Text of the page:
Good Reading : May 2016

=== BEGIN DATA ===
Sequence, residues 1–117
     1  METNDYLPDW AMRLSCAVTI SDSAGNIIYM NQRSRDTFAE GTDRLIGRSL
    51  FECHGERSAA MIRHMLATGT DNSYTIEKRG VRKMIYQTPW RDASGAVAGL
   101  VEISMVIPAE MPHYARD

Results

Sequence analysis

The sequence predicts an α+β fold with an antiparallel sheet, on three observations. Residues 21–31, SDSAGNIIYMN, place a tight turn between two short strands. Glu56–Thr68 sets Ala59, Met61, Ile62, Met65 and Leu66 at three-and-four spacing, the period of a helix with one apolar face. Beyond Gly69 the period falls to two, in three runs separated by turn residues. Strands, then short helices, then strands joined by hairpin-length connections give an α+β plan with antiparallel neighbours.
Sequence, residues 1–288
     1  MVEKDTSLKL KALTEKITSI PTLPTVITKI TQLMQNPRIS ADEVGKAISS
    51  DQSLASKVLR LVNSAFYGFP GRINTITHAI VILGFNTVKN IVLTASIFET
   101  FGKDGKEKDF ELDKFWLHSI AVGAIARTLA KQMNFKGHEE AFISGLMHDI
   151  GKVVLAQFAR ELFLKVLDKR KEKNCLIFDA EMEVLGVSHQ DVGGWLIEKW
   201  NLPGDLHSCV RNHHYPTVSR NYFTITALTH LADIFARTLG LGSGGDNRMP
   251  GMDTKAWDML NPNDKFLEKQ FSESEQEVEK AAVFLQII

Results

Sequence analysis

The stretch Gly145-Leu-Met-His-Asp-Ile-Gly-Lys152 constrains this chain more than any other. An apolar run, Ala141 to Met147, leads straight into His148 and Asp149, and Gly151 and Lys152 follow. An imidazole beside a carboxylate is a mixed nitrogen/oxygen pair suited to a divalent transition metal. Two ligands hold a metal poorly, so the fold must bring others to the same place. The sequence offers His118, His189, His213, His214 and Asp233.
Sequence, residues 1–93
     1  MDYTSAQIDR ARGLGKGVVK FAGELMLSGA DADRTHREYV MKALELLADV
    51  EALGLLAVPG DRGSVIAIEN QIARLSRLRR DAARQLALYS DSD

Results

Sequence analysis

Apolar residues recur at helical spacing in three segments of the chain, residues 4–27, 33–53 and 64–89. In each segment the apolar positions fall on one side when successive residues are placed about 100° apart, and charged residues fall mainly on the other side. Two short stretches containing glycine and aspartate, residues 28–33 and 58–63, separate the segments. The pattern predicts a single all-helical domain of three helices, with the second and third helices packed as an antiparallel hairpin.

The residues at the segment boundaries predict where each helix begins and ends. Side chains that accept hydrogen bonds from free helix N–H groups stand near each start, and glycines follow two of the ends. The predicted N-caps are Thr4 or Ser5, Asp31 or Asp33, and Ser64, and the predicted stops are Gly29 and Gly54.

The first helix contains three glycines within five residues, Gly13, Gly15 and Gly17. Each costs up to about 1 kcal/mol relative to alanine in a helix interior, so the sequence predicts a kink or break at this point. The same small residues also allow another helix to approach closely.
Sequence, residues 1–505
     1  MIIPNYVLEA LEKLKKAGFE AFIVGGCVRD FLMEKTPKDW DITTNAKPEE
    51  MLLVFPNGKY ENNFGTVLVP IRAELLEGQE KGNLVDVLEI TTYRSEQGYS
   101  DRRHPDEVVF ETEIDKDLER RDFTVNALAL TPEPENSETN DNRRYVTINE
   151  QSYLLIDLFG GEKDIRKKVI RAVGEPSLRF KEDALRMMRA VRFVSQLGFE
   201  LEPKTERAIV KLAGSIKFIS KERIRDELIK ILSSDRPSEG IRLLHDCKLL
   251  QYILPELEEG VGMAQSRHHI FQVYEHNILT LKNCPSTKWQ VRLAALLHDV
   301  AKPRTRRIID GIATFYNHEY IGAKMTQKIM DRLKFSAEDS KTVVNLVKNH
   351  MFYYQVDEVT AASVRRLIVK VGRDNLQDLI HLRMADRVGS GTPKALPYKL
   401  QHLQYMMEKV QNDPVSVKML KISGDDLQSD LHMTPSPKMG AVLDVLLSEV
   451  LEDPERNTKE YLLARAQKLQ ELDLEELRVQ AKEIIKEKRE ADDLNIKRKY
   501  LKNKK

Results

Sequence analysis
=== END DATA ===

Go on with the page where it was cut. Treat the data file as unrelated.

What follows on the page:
GOODREADINGMAGAZINE.COM.AU GOOD READING MAY 2016 66 When We Collided Emery Lord Jonah’s father has died and his mother has sunk into a deep depression. That means Jonah is now weighed down with responsibilities that most 17-year-olds don’t have to face. When Vivi comes to town, she brings colour and joy back into his life. What’s more, she infuses love and warmth into his entire family. Little does he know, but Vivi has her own dark secrets and deep problems. Gradually she spirals out of control. At first Jonah thinks she’s just vivacious and eccentric, but then it becomes obvious that there is more to it than that. This beautiful story of first love explores deep issues: grief, depression, mental health, loneliness, family and relationships. Vivi bursts onto the page like an exploding star. Jonah is a lovely, wounded soul with a huge heart. We are reminded of the lyrics of the INXS song: ‘... I was standing / You were there / Two worlds collided ...’ Emery Lord’s text sings. When We Collided is a joyous read. Bloomsbury $17.99 Reviewed by Wendy Noble Age guide 14+ YOUNG ADULT WOM word of mouth RATINGS RG Every Exquisite Thing Matthew Quick Nanette O’Hare is the star athlete on her school soccer team and an all-round good girl – that is, until she reads The Bubblegum Reaper, a book about teenage rebellion. Suddenly she is skipping class instead of scoring goals, and falling for Alex, a troubled poet who helps her establish a new identity away from the mundanity of mainstream society. I picked up this book with high expectations, after seeing it compared to The Catcher in the Rye and The Perks of Being a Wallflower. However, after about two chapters my hopes were dwindling, and after ten they were all but extinguished. It’s not that the writing is bad. It’s just bland. Matthew Quick’s descriptions lack life, the romance lacks chemistry and his dialogue is at best unnatural and at worse an excuse for info-dumping. Nanette, furthermore, is just not an interesting character. While a rebellious teenage girl is a welcome deviation from the usual character template, Nanette’s rebellion often feels like an excuse to shame girls who are only interested in boys, make-up and other stereotypical preoccupations of girls. And maybe this would have been okay if these girls were also more fully realised characters. But they weren’t, and it was just an oversimplification of teenage girls and their lifestyles. Nanette is also bullied about being gay, which doesn’t make sense because the book explicitly says she is straight. While LGBT representation can never be bad thing, the way Quick handled it was a facile appropriation of queer issues rather than real representation. The fact that characters were spreading rumours about Nanette’s sexuality also implied that even the possibility of being gay was something to be ashamed of. Every Exquisite Thing consequently came across as antiquated and, frankly, homophobic. The book did improve towards the end, after Quick dropped the unnecessary love plot and lesbian rumours. But it was never enough for redemption. And it was never enough to keep me interested. Headline $19.99 Reviewed by Emma Stubley About Emery Lord Emery Lord is a 20-something author who lives in a 100-year-old house in Cincinnati, Ohio, with a scientist, a one-eyed beagle and a dog named Winston Churchill.